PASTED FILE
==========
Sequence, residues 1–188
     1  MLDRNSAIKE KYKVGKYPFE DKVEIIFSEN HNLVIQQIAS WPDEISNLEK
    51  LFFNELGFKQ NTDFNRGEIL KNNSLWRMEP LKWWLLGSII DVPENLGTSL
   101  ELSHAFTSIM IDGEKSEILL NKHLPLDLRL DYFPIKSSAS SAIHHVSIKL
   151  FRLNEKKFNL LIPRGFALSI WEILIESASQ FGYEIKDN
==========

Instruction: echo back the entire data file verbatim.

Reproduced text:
Sequence, residues 1–188
     1  MLDRNSAIKE KYKVGKYPFE DKVEIIFSEN HNLVIQQIAS WPDEISNLEK
    51  LFFNELGFKQ NTDFNRGEIL KNNSLWRMEP LKWWLLGSII DVPENLGTSL
   101  ELSHAFTSIM IDGEKSEILL NKHLPLDLRL DYFPIKSSAS SAIHHVSIKL
   151  FRLNEKKFNL LIPRGFALSI WEILIESASQ FGYEIKDN